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Five after 9 in the morning. Our appointment was in 25 minutes. I had plenty of time. “If you want to catch her, I think you’d better get her in the house first,” warned my husband, eyeing Mandy, our longhaired cat, who crouched in a dark corner of our garage. Feral as a kitten, she’d calmed down so much with age that I just smiled sweetly at James and ignored his suggestion. “Aw, she’ll be easy to take to the clinic for shots and a shave,” I thought.
Wrong. Ten minutes later, beyond frustrated and mad, mad, mad, I had a towel in my hand and no cat. Mandy, owl eyed and scared to death, had beelined around the house. Twice. With me in dogged pursuit. Somehow, we managed to corral her back into the garage. “I might as well call and cancel!” I sputtered, near tears and defeated.
But not James. Onward he rallied. As Mandy bolted and we lunged with towels, a butterfly net—one we’d bought to capture wayward birds in our garage—unexpectedly swooped over her head. James and I looked up in shocked surprise. At the other end of the net stood Joe, a local fix-it guy we’d hired to paint house trim. “It was handy,” he shrugged.
By 9:25 a.m., I was second-guessing the need for vaccinations, much less barbering. “You’re going to SHAVE a cat?” friends asked, dumbfounded. “No,” I told them, “not a cat. THREE cats!” Yes, I continued, because Mandy’s long fur mats into thick clumps in the summer. However, after her first (and only) buzz, our semi-Siamese cats, brothers Abe and Gabe, pegged her for a stranger. So for days, they tormented and chased poor Mandy. I worried endlessly that they might really hurt her. Which was why I’d decided to have all three shaved.
“We’ll call you when we’re done,” Penny, the groomer, said. She’s shaved many a cat in her lengthy career. So three more—even one glaring through a net—didn’t faze her. “Oh, they’ll be fine,” she assured me. “Don’t worry!”
Dubious but trusting, I slipped out the door, then returned two hours later to fetch my furry felines. Or rather, fur-less felines. No one said much on our short drive home. And I didn’t want to peek in anyone’s carrier. I knew the cats would associate me with the harrowing experience they’d just endured until at least day’s end. “We’re almost there!” I said, soothingly. “Everybody’s going to be just fine.”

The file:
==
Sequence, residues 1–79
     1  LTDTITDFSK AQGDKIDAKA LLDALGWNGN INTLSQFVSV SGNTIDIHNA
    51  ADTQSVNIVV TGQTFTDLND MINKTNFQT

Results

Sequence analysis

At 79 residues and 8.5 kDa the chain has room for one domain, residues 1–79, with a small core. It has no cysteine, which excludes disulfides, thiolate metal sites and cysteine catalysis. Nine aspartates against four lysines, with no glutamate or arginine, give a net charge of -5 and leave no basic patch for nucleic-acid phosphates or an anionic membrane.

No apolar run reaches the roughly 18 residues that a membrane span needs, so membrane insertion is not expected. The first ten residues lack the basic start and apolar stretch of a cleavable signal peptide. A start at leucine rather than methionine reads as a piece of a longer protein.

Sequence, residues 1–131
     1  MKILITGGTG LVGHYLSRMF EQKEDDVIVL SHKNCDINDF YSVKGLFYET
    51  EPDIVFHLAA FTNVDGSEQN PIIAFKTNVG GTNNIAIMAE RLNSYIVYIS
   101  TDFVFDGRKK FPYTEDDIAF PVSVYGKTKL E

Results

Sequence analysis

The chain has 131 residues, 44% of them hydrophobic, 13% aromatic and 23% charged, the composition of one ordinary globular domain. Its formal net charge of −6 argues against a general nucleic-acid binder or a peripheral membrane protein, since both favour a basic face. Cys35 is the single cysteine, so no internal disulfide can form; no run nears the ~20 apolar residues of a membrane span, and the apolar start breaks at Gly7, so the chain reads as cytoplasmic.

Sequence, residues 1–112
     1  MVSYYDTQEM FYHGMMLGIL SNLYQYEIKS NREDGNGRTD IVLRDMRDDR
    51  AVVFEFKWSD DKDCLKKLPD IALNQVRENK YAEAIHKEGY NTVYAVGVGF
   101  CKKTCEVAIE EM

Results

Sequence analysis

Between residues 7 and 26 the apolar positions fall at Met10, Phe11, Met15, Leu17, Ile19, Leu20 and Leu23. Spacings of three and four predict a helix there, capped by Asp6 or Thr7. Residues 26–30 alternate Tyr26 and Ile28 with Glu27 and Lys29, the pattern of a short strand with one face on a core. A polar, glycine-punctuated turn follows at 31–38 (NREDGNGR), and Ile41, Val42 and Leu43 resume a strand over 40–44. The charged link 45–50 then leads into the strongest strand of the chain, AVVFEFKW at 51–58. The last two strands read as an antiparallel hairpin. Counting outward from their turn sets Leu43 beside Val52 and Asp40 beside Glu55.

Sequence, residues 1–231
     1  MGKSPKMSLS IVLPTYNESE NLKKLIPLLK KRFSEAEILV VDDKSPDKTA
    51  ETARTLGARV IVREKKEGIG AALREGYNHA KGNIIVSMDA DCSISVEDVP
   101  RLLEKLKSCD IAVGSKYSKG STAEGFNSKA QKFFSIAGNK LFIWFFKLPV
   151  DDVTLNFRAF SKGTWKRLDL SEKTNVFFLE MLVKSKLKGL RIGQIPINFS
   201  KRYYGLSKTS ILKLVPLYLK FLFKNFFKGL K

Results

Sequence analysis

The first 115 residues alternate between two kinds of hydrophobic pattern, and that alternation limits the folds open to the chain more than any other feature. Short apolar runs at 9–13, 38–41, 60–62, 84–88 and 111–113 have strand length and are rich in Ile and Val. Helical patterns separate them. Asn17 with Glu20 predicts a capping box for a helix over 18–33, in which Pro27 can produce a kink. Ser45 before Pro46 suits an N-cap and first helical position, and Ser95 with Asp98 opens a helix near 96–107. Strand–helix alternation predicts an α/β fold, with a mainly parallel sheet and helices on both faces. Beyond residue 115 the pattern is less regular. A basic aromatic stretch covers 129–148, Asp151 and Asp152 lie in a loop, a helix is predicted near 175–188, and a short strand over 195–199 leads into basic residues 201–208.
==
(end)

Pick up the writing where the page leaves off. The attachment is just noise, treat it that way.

We’d soon find out. In our driveway, Abe and Gabe, blinking their sky-blue eyes, cautiously sniffed the air, then ventured out from their carriers. At the sight of our two manly cats—who now sported only cheek tufts, fuzzy knee-high boots and a skinny rat’s tail—I had to laugh!
But not for long. As soon as the brothers took one look at each other, the hissing and growling ensued. Gabe, who looked like he had a hangover, sounded serious. Worried about possible bloodshed, I ushered him inside the house. Then I STUPIDLY tried to corral him back inside his carrier. YRRRWWW! “Well, go ahead and kill your brother!” I stormed as Gabe streaked past me, back into the garage. “I DON’T CARE!”
Meanwhile, Mandy remained in safe seclusion in our darkened living room. Every hour or so, I’d tiptoe in, pull back the towel and peek inside her carrier. All I could see were two huge owl eyes. She never uttered one sound. But I could read her mind: “Watch your back, Bozo—you’re gonna be history soon!”
Fortunately, by the next morning, Mandy had forgotten my lead role in her traumatic experience. She was more concerned with keeping a safe distance from the boys, who were more concerned with bullying one another. “Yrrrrrrrrrrr,” Gabe growled from deep within his chest whenever Abe got close. Then paws swatted. Teeth bared. Snarls rumbled. No fur flew, though, because there was none.
I just didn’t get it. The two apparently had no recollection of having lived together since birth!
“Mandy?” I said, peering under my car in the garage. Two owl eyes stared back at me. Forget it, she wasn’t coming out any time soon. “Just wanted to make sure you were OK,” I added, backing away. Behind me, I heard Gabe growling. Or was it Abe? I fled back inside the house. “I am NEVER going to have those cats shaved again!” I vented to James. “Never ever! This is way too much drama!”
Day two unfolded much the same. The brothers hissed and spit. Mandy hid. So did I. And I did for most of the next day, too, until I ventured outside to water plants. At the sight of Abe and Gabe, I cringed. Instead of squabbling, though, they frisked up a nearby live oak. Then back down again. They raced and played in the yard like kittens. Meanwhile, Mandy, sprawled on a patio chair, snoozed contentedly.
“They must really feel good without all that fur,” James observed.
“Yeah, they must,” I agreed. “I’m so glad we got them shaved! Aren’t you?”
Sheryl Smith-Rodgers is a frequent contributor to Texas Co-op Power.